#1  
Old 07-20-2013, 04:20 PM
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Default What makes a great disc golf course ?

Just like the title says, what are the must haves for a course to go from good to amazing for you?
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  #2  
Old 07-20-2013, 05:06 PM
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First and foremost: variety.
-Fairway Types: open, moderately wooded, densely wooded.
-Fairway Shapes: left, right, straight, S-shaped, some weird or interesting ones...
-elevation: uphills, downhills, risk reward pin placements on near slopes/drop-offs, holes that throw over gullies, over hills/rises, and at least a few flat or nearly flat, some holes that can have you putting uphill or downhill based on where your upshot lands.
-Distances: good mix of all kinds of distance, and should have at least a couple of 175-225' Ace Runs, and at least a couple of 500'+ bombers, and all sorts of stuff in between, especially good if there are some holes of similar distance that play quite differently due to elevation.

Until you have ^this^, you can't begin to think about a truly great course - that's square one.

Multiple pins/tees helps (if well executed), but is not absolutely necessary, and won't save a bad course from being bad.

Other factors that determine whether a course is truly great or not:

Basics: Tees, baskets, signs, upkeep & maintenance. I don't care how great the holes are, if people can't find their way, or things are in disrepair, things aren't great. Basics don't have to be incredible - they just have to be good enough to "not be a factor." No one really shoots better because of truly exceptional baskets, tees, or posts, but they can certainly shoot worse when things suck. Good = great as far as I'm concerned on this. If you get this wrong, it doesn't matter what else you get right.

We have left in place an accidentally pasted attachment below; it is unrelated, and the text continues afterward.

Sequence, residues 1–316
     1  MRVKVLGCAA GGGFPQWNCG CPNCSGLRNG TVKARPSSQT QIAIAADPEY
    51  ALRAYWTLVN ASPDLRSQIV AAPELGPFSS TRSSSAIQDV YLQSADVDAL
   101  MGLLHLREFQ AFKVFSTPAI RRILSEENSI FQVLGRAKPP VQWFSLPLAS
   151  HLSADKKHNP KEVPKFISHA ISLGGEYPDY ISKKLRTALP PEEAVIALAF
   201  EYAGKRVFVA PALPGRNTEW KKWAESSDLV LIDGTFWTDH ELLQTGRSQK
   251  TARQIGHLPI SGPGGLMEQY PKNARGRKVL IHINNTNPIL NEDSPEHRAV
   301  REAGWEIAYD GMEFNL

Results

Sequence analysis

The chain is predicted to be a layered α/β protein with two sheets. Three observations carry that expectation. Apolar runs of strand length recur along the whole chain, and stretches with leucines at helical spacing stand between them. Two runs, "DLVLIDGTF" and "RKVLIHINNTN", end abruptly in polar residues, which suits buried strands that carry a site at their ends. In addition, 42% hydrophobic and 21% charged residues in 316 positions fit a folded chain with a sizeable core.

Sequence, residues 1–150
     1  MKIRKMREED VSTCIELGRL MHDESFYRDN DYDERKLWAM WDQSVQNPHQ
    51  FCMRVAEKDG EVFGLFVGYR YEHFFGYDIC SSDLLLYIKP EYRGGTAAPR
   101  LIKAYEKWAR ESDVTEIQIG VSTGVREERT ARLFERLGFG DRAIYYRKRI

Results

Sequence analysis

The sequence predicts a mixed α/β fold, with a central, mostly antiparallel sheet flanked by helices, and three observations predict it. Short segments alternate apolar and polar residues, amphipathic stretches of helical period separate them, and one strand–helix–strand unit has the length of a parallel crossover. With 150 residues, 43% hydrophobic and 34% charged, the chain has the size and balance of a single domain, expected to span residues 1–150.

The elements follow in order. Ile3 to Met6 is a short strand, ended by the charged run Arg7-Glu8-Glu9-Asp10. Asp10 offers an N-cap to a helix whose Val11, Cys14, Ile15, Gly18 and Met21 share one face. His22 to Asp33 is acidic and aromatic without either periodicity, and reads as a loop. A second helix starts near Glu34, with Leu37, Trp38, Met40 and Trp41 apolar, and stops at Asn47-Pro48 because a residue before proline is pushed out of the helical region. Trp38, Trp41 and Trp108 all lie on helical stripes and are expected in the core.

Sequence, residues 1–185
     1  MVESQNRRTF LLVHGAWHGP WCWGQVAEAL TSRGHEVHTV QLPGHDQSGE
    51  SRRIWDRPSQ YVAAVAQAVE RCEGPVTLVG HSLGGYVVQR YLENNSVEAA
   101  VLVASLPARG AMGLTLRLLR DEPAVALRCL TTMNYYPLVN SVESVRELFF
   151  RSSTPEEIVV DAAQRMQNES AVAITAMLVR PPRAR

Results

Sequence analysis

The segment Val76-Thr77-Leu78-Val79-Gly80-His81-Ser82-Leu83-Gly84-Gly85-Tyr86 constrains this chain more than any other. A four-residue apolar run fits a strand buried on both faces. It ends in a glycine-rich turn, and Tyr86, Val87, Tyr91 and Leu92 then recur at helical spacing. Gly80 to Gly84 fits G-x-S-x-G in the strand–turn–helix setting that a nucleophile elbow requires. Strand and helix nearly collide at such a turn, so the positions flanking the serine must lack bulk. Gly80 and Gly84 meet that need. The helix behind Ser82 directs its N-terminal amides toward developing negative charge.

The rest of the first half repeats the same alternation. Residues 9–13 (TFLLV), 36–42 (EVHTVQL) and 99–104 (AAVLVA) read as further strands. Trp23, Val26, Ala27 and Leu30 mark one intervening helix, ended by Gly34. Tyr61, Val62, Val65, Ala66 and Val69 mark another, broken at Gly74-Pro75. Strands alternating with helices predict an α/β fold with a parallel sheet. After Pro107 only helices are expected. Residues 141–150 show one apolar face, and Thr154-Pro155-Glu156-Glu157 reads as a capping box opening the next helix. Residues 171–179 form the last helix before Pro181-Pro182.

Beauty - a great course is inviting to play and a pleasure to see, would be a nice walk without discs.

Challenge - great courses are challenging, yet able to be accommodating to a variety of skill level. Hard to be great if too many holes are easy (or impossible) to par, which leads me to...
Scoring separation: tougher to do than it sounds. Well designed holes create scoring separation. don't want to elaborate here, search other threads for more info.

Good use of natural elements, especially water.
Flows well from hole to hole.
Fun factor - makes you want to come back.

Bonus for things like: unique holes, hanging baskets, basket in tree, water carries that aren't absurd, charm, and unique touches you often see on private courses which give them personality (as long as things aren't overdone).

Top of the world shots (who doesn't love 'em?).

I'm pretty sure I left some stuff out, but if you used my list to evaluate a given course, and everything scores favorably, you definitely have a great course. How great is a matter of details related to that course and personal tastes.


Last edited by BogeyNoMore; 07-20-2013 at 05:09 PM.
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Old 07-20-2013, 05:13 PM
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That pretty well covers it.
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Old 07-20-2013, 05:14 PM
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Variation
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Old 07-20-2013, 05:15 PM
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I don't think I can add much to Bogey's list, except this:

The greatest course of all has all that, and is 10 minutes from your house.

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Old 07-20-2013, 05:16 PM
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Bathrooms. (Either portable, or permanent)
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Old 07-20-2013, 05:17 PM
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Quote:
Originally Posted by ohtobediscing View Post
I don't think I can add much to Bogey's list, except this:

The greatest course of all has all that, and is 10 minutes from your house.
It's in your backyard.

Quote:
Originally Posted by BogeyNoMore View Post
First and foremost: variety.
-Fairway Types: open, moderately wooded, densely wooded.
-Fairway Shapes: left, right, straight, S-shaped, some weird or interesting ones...
-elevation: uphills, downhills, risk reward pin placements on near slopes/drop-offs, holes that throw over gullies, over hills/rises, and at least a few flat or nearly flat, some holes that can have you putting uphill or downhill based on where your upshot lands.